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What is short delivery and what are its consequences?

For a video walkthrough on auction markets and how to participate in them, see What are auction markets and how to easily participate in them on Zerodha?

When the seller of a stock fails to deliver the shares to the exchange for the buyer's demat account, it is known as short delivery. This generally occurs when intraday short positions cannot be closed because of illiquidity or stocks hitting the upper circuit. To learn more about circuit limits, see What are circuit limits or price bands?

The consequences of short delivery are different for the buyer and the seller and are as follows:


How to know if the shares have been short-delivered?

Buyers are notified through email and a Kite notification when a short delivery happens. A short-delivery tag is also displayed beside the short-delivered stock.

Kite app

The short-delivered quantity is displayed for the stock.

Kite web

Hovering over the tag displays the short-delivered quantity.

When will the shares be credited after a short delivery?

The shares will be credited to the buyer’s demat account on T+2 day after the exchange holds an auction on T+1 day to procure the short-delivered shares. If the exchange cannot procure the shares in the auction, the Zerodha account will be credited with cash based on the close-out price. See, When does cash settlement happen to close out short delivery?

Example Scenario

  1. Shares are purchased on Monday (T day) and are tagged as T1 holdings until Tuesday (T+1 day).
  2. If the shares were not delivered on Tuesday (T+1 day), a short delivery tag is applied to the stock on Wednesday (T+2 day).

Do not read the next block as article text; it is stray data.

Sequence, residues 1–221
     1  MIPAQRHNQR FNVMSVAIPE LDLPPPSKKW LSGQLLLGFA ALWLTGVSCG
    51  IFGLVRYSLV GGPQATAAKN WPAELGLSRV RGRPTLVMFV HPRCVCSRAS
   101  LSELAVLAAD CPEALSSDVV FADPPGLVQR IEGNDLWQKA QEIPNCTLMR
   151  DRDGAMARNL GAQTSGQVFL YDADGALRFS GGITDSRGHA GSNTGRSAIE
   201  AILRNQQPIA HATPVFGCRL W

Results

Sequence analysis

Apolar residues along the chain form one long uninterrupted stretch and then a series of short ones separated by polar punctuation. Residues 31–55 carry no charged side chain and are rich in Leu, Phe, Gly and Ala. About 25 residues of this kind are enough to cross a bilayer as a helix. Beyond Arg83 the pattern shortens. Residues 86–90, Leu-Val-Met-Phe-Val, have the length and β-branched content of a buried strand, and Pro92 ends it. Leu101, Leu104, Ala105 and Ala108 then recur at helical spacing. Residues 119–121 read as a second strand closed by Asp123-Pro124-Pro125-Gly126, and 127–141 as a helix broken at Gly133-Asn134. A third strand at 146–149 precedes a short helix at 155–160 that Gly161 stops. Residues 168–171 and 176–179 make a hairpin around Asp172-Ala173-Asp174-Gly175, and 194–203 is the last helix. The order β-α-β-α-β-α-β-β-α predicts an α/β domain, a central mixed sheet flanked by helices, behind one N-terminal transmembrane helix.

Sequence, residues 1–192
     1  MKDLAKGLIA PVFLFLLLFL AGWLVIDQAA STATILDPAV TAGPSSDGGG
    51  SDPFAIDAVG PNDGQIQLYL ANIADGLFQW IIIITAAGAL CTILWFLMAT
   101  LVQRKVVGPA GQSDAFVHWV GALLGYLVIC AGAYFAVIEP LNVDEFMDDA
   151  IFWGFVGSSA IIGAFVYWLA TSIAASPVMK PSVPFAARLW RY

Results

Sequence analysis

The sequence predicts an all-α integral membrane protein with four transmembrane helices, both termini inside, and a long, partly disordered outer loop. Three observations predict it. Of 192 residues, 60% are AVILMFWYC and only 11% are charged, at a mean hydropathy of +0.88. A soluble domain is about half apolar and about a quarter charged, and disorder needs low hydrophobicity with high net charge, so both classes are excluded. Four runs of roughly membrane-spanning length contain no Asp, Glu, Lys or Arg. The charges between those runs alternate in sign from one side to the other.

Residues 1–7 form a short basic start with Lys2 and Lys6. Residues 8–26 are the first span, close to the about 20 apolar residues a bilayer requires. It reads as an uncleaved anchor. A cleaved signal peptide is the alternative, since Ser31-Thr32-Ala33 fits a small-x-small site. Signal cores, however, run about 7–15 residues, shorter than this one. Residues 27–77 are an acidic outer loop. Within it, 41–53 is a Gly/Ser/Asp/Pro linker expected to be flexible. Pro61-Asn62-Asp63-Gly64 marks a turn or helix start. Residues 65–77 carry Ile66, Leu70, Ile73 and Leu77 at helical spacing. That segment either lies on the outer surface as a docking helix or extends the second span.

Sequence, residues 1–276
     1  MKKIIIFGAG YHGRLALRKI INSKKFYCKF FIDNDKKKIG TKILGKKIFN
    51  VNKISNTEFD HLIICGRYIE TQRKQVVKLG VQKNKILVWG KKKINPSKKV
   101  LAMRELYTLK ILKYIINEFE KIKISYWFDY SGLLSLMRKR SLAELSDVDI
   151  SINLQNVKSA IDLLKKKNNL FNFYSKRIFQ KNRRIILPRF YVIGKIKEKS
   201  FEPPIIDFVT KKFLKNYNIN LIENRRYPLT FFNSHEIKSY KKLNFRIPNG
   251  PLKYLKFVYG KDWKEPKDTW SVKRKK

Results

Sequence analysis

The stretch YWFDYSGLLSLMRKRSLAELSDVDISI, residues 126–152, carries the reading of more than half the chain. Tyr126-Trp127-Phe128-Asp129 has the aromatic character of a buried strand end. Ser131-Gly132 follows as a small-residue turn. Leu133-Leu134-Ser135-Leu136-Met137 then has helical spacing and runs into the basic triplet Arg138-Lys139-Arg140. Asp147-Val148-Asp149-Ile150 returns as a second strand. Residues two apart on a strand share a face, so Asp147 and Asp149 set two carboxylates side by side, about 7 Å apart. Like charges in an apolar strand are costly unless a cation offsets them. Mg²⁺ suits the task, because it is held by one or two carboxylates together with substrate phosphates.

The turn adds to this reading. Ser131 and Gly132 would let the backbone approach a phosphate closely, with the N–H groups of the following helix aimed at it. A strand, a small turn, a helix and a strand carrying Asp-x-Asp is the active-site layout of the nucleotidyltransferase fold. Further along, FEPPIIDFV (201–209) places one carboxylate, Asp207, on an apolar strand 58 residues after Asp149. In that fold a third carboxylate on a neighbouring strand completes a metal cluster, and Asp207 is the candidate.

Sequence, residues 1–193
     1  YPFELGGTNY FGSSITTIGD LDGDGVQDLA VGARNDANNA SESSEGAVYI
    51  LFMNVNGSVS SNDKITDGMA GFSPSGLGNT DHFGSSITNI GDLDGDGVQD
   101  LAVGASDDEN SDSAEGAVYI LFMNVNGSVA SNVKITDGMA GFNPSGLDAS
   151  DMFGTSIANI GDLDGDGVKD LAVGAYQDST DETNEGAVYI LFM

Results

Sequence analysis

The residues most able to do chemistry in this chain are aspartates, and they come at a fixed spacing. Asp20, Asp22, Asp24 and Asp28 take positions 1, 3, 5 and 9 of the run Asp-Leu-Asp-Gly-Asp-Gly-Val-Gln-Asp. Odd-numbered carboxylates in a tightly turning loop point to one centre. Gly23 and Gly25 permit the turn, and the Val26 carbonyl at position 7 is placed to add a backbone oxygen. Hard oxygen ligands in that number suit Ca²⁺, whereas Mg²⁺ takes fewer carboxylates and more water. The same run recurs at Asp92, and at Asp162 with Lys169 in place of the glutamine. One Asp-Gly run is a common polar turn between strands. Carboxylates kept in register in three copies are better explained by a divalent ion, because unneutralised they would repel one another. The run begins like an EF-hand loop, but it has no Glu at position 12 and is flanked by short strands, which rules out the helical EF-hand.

3. The exchange delivers the shares procured from the auction market held on Tuesday (T+1 day) and delivers them on Wednesday (T+2 day). The shares will be visible on Kite from Thursday (T+3 day).


What happens when the seller defaults?

The exchange conducts an auction to deliver the short quantities from other sellers. For shares sold on Monday, the auction happens on Tuesday, with the closing price of Monday used to determine the auction price. The price range of the auction is capped at 20% at the upper and lower end.

The exchange delivers the shares to the buyer’s demat at the auction price on Wednesday, and the defaulting seller is sent an auction note and is obligated to pay an auction penalty to the exchange.

Example scenario

  1. 100 shares are sold on Monday (T day) at ₹800 per share. The stock hits the upper circuit, and there are no sellers.
  2. The exchange conducts an auction on Tuesday (T+1 day) and uses the closing price of Monday (T day) to determine the auction price. If the closing price were ₹830, the auction price range would be ₹664 to ₹996, i.e. 20% upper and lower of the closing price.
  3. If the auction price were ₹920, on Wednesday (T+2 day) the seller would have to pay ₹12,000 [(₹920 - ₹800)*100].

Did you know? If the auction price is lesser than the closing price on T day, the higher price is used to calculate the auction penalty, and the difference between the auction price and the closing price is transferred to the investor protection fund.